Spreading the value of water

By Sarah Hippensteel Hall, Ph.D., MCD manager of watershed partnerships

Water is the Rodney Dangerfield of resources. Like Dangerfield used to say, it “don’t get no respect.”

Let’s face it. You can’t live without water. But I’ll bet you don’t think twice when you turn on the faucet. You just expect that good quality water will flow. The adage that an ounce of prevention is worth a pound of cure was never truer than with our water.

MCD promotes the value of water in many ways, from the work our experts do to study water conditions to hosting events, delivering programs and providing sponsorships. We work with many partners around the region who carry the “Value Water” message, too. Together, the message that water is crucial to healthy communities has a broad reach. And yet we still need your help.

Below are some of the ways MCD works to spread the “Value Water” message. Please join us and participate in these programs to help spread the word.

For kidsProject WET booklets on floods, groundwater, and rivers
These fun activity booklets have been distributed to county soil and water conservation districts that work with teachers, interact with schoolchildren, and attend community festivals and fairs. The booklets were also made available to nature centers and children’s museums such as Boonshoft.

For everyone – Visit SPLASH!
Speaking of Boonshoft, MCD helped fund and design the museum’s interactive water exhibit SPLASH! You can discover more about our local aquifers, learn about conservation efforts and what you can do to preserve this crucial natural resource. Visitors can even explore water careers.

 

 

For teachersTrout Unlimited’s Trout in the Classroom
One way to help young people understand the importance of healthy rivers and enable them to appreciate fish and wildlife is a national program created by Trout Unlimited called Trout in the Classroom. MCD paid for the equipment that local teachers need to help students raise trout from eggs to young fish. The students complete the project with a field trip to the Mad River to release the fish into the wild.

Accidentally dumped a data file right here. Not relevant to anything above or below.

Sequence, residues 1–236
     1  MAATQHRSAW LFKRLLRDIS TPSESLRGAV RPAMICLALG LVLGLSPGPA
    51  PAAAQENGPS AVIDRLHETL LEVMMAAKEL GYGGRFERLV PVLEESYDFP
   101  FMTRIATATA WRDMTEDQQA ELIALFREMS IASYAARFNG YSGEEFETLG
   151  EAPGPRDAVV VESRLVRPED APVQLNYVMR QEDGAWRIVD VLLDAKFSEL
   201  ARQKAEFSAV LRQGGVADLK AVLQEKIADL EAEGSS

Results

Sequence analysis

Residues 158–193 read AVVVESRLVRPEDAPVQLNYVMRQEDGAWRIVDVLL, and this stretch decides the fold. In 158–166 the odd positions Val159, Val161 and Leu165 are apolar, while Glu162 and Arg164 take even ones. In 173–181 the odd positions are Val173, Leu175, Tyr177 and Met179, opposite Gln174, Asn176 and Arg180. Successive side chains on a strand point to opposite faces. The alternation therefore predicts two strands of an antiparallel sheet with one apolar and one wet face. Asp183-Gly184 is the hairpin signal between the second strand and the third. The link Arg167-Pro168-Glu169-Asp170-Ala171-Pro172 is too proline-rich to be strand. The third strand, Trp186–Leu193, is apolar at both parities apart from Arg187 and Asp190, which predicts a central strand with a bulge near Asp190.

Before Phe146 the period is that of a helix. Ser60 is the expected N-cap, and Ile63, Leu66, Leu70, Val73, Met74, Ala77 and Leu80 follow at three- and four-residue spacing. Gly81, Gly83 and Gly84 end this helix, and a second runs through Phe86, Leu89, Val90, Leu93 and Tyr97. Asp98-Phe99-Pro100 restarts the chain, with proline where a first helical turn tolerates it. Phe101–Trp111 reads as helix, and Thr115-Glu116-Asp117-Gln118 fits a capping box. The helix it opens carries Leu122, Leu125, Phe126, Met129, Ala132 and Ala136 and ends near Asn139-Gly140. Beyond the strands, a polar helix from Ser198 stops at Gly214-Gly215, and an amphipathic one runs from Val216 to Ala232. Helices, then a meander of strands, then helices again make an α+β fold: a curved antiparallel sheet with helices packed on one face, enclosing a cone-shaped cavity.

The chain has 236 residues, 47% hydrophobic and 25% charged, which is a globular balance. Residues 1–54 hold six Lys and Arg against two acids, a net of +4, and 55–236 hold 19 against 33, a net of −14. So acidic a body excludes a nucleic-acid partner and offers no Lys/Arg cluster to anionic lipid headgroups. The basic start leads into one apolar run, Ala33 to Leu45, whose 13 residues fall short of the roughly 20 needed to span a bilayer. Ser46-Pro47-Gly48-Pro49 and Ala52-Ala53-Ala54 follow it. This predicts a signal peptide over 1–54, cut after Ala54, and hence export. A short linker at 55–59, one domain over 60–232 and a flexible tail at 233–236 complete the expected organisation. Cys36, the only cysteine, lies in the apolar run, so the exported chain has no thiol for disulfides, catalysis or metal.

Students release the young fish they raised during the school year into the Mad River. 

For private well owners – Test Your Well
To make sure the water that is pulled from a private well is safe for drinking, well owners need to test their water for impurities. Several counties host free Test Your Well events during the year. MCD sponsors those events and provides additional testing for pollutants like arsenic. For people who may not attend an event, MCD created an easy-to-use fact sheet on what to test for and local water testing locations.

Private well owners can make sure their water is safe for drinking through a free, private screening at Test Your Well events.

For homeowners with septic systems
It is also important for septic tank owners to properly maintain their system. A home sewage system failure could pollute groundwater or streams. MCD created an easy-to-use fact sheet of resources for homeowners to maintain their septic systems.

For citizens who want to get involved in science
To better understand the condition of our water, MCD staff trains volunteers to collect data such as the water level of private wells, and the bugs that live in streams through a program known as Stream Team. The well level data is used by MCD to track groundwater level trends over time. The data collected on bug populations is used by local groups, such as the Mad Men of Trout Unlimited to track if rivers and streams are improving or getting more polluted over time.

Stream bugs that live in the river are a reflection of water qualilty.

For community officials
MCD offers training and resources for planning and zoning officials, to encourage them to take steps to protect their community’s water resources. The Better Site Design Planning Roundtable program walks local leaders through a series of evaluations and decisions to improve their development policies. Better policies can encourage water protection, increase the use of green infrastructure, and better protect our groundwater and rivers and streams.

For youBe Water Wise
All of us can do something to help protect our water. Even the smallest steps make a difference. Drop off your unwanted/unused prescriptions rather than throwing them out or flushing them down the drain. Pick up your pet’s waste. Use pesticides and fertilizers sparingly so the excess doesn’t run off your lawn and into rivers, lakes and streams. Even the smallest steps can help contribute to protecting our region’s water.